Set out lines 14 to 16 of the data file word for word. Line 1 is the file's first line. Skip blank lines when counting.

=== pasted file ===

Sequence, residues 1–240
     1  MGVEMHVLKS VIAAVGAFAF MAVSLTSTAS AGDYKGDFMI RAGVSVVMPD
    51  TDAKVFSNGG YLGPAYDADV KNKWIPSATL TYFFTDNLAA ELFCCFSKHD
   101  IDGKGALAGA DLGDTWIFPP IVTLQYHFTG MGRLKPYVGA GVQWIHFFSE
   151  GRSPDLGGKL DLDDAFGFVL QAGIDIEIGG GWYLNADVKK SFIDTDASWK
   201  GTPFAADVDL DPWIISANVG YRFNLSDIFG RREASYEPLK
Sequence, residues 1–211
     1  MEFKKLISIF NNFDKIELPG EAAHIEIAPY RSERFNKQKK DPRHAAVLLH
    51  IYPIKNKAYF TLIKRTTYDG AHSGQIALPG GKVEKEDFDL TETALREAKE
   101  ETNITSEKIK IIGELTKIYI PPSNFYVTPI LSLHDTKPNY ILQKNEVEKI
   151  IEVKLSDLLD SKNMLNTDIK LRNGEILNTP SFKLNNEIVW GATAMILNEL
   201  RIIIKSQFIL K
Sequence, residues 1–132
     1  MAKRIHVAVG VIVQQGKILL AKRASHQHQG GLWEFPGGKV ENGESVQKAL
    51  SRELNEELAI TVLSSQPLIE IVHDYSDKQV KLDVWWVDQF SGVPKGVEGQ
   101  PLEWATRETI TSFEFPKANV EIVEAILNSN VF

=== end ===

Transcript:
     1  MAKRIHVAVG VIVQQGKILL AKRASHQHQG GLWEFPGGKV ENGESVQKAL
    51  SRELNEELAI TVLSSQPLIE IVHDYSDKQV KLDVWWVDQF SGVPKGVEGQ
   101  PLEWATRETI TSFEFPKANV EIVEAILNSN VF